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Flashcards in Personal Liability for Directors and Disqualification Deck (15)
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What are directors personally liable for?


1) Fraudulent Trading S 213 IA 86
On winding up and petition by a liquidator, parties conducting business knowingly with intent to defraud creditors liable to contribute to ‘assets’ of company.

Also a criminal offence – s 993 CA 2006 [formerly s 458 CA 85].

2) Wrongful Trading - S 214 IA 86
On winding up and petition by liquidator, if director ‘knew or ought to have’ known ‘no reasonable prospect’ of avoiding ‘insolvent liquidation’, liable to contribute to ‘assets’ of company.

(We saw this under Exceptions to Limited Liability.)

Defence – ‘took every step’ to minimise creditors’ losses. (s 214(3) IA 86).

3) Misfeasance (ie, breaches of duty) - S 212 IA 86

A ‘procedural provision giving a right to bring proceedings against, amongst others, a ‘company officer’ (eg, director), or a ‘liquidator’, or someone else involved in a company’s ‘promotion, formation or management’ for breach of duty or other wrongful conduct. Normally, it is a liquidator bringing a claim against a director for breach of duty.

Thus, the provision creates no new cause of action: see Re MDA Investment Management Ltd [2003] EWHC 2277 (Ch); [2005] BCC 783, 805, para 71, referring to Re Continental Assurance Co of London plc (in liq) (also known as Singer v Beckett) [2007] BCLC 287; [2001] BPIR 433, para 393.

See also Revenue and Customs Commrs v Holland (also known as Re Paycheck Services Ltd) [2010] UKSC 51; [2010] 1 WLR 2793; [2011] Bus LR 111; [2011] 1 All ER 1430; [2011] BCC 1, para 55, where Lord Collins said:

‘Section 212 is a procedural provision which does not create any substantive obligations, and consequently for a person to be made liable under section 212 that person must be guilty of breach of an independent duty.’


*Re Hydrodam (Corby) Ltd [1994] 2 BCLC 180, [1994] BCC 161




S 216 IA 86


Preventing ‘the phoenix’ rising again - cannot re-use a company’s name for 12 months after liquidation. See too s 217 IA 86.


CDDA ‘86


Applies to former directors and shadow directors, as well as current directors


Re Lo-Line Electric Motors Ltd [1988] 2 All ER 692.




What is the aim of the disqualification rules of directors?

  • Public ‘protection’ is main ‘purpose’;

- Can also ‘be deterrent elements’.


Re Westmid Packaging Services Ltd v Griffiths [1998]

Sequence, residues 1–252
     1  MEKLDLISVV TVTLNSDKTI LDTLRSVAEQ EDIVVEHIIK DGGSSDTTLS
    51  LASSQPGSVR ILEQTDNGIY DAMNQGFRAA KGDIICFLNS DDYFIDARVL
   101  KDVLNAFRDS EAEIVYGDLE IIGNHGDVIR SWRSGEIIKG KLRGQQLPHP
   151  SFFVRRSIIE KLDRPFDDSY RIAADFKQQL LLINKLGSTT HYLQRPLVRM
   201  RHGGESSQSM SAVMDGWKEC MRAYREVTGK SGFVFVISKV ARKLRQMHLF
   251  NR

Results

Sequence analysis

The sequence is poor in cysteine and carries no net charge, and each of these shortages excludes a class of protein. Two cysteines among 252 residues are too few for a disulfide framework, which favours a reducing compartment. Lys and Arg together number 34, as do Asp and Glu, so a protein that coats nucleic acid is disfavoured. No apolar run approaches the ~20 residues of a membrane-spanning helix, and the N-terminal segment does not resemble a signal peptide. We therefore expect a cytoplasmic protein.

What are the grounds for disqualification?


(a) Conviction of an indictable offence (s 2 DDA 86).
Period - max of 5 yrs (summary); 15 yrs otherwise.

(b) Persistent breaches of companies legislation (ss 3 and 5 DDA 86).
Period - 5 yrs max.

(c) Fraud, fraudulent trading, breach of duty revealed in winding up (s 4 DDA 86).
Period - 15 yrs max.

(d) Fraudulent and wrongful trading (s 10 DDA 86).
As in ss 213 and 214 IA ‘86(above).
Period - 15 yrs max.

(e) Unfit directors of insolvent companies (s 6 DDA 86) – ‘Unfitness’
On complaint of Sec of State within 2 years following report of insolvency officer regarding a director of an insolvent company (ie, one in liquidation, receivership or administration), whose ‘conduct as a director of’ the ‘company’ concerned ‘(either taken alone or together with his conduct as a director of any other company or companies) makes him unfit to be concerned in the management of a company.’, ie, has to be, ‘or has been a director of the company which has at any time become insolvent (whether while he was a director or subsequently)

Ss 6(1), (2) DDA 86


*Secretary of State for Trade v Blackwood 2003 SLT 120, at paras [6]-[8]


p 122 (IH), where the court acknowledged that it is not enough to disqualify someone for a “‘commercial misjudgement … or mere mismanagement’”. Also, there is no definitive test regarding “unfitness”: it depends on the facts, although the court is looking to see if the conduct “‘has fallen below the standards of probity and competence appropriate for persons to be … [company] directors’”

The court said:

‘[6] It is not in dispute that Schedule 1 to the Act does not exhaust the matters on which a disqualification order may be founded. It is also not in dispute that the fact that a director has caused or permitted the company to trade where there was no reasonable prospect of its creditors being paid in full, does not necessarily mean that he is “unfit to be concerned in the management of a company”. If, however, he is unfit, a disqualification order for at least the minimum length of two years is mandatory (In re Grayan Building Services Ltd (In Liquidation) [1995] Ch241).